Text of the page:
"Graduate students and postdocs, in a stimulating environment, can be a significant source of creativity and innovation, and this is not so easily replaced by permanent staff. Additionally, permanent staff are - by definition - permanent, if you make the wrong hire you are stuck for decades, whereas a wrong postdoc will lose you grant money for a while, but will not seriously the group's productivity in the long run."

This is an unfounded conjecture with no numbers behind it. In other words: a personal anecdote. Graduate students and postdocs can make for a depressing environment if you're one of them, and have to listen about their problems of finding jobs or thinking of dropping out and becoming a painter. Coupled with the awkward conversations at the bar where each one tries to find out if the other's paper was accepted and if that means they they'll have a better chance at a job. Maybe the 'creativity' of postdocs comes from having to work nights on temporary contracts due to fear of the future?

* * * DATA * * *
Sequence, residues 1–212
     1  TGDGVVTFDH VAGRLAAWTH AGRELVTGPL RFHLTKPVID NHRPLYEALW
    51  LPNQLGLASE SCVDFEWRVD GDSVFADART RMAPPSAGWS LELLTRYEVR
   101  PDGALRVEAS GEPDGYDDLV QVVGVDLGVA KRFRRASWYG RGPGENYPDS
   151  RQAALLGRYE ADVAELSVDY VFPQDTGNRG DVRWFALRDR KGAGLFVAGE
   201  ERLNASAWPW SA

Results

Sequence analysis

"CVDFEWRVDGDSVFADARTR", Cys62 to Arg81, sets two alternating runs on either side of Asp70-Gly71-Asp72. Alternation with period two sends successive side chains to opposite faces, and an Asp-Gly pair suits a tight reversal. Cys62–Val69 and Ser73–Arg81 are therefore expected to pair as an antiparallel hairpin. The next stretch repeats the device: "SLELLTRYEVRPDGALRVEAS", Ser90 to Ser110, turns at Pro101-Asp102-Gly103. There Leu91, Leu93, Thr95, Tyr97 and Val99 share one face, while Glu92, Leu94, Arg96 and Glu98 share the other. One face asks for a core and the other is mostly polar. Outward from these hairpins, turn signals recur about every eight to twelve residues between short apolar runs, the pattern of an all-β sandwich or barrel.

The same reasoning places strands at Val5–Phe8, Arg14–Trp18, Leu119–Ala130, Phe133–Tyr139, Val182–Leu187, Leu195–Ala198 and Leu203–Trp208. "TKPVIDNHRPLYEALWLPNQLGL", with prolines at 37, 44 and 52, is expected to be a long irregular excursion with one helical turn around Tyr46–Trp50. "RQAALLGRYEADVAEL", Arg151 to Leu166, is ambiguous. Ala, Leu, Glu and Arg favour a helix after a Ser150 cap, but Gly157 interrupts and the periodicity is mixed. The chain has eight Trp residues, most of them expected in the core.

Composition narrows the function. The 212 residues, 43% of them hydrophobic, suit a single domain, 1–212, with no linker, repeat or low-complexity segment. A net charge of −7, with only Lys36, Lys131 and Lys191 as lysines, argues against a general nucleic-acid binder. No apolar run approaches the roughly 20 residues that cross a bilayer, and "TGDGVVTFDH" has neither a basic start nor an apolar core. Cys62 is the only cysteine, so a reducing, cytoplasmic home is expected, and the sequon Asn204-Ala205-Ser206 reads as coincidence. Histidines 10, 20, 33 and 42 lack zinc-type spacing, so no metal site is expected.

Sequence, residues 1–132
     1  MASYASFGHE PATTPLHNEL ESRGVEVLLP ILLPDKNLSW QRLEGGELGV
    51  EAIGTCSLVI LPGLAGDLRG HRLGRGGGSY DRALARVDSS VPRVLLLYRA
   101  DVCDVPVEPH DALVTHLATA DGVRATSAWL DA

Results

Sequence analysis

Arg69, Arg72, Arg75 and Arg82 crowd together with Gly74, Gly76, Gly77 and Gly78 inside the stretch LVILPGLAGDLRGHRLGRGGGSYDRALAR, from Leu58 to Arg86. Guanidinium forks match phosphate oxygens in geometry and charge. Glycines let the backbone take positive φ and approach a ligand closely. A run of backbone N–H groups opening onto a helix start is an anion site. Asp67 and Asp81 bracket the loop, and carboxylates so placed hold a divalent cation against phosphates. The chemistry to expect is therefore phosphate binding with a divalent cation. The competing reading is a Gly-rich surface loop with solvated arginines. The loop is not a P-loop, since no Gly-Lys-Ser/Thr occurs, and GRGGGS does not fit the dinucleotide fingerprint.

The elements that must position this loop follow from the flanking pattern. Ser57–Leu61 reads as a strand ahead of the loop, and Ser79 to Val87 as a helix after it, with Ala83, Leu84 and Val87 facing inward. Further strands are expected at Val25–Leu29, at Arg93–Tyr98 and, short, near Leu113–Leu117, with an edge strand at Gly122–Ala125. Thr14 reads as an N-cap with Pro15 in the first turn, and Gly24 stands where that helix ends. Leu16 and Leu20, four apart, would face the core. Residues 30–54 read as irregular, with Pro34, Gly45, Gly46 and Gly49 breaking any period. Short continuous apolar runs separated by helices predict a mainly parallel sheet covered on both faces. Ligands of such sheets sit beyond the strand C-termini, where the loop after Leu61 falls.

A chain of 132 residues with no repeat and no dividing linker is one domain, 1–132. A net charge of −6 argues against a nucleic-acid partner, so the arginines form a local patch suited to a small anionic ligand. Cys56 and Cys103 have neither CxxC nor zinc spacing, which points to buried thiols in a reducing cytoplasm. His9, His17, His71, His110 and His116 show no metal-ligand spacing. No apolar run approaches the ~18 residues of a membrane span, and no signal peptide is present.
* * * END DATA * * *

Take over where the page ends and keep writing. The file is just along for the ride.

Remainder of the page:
Permanent staff can have a tenure system as well that is administered by the institution. Just like the professors to make sure you weed out the lazy and the wrong hires; during the tenure process they can rotate between a couple of labs as well. It's definitely wrong to have a particular professor in charge of the tenure promotion of a permanent staff member thinking that their staff member is their 'hire'. It won't be perfect, but there are a lot of deadwood associate professors as well. Plus the research staff can move between labs.

Permalink to Comment

26. eugene on January 25, 2013 8:37 AM writes...

@ another kevin

"By that argument, the sciences should never offer a career: young investigators will always be disposable, once their creativity is used up."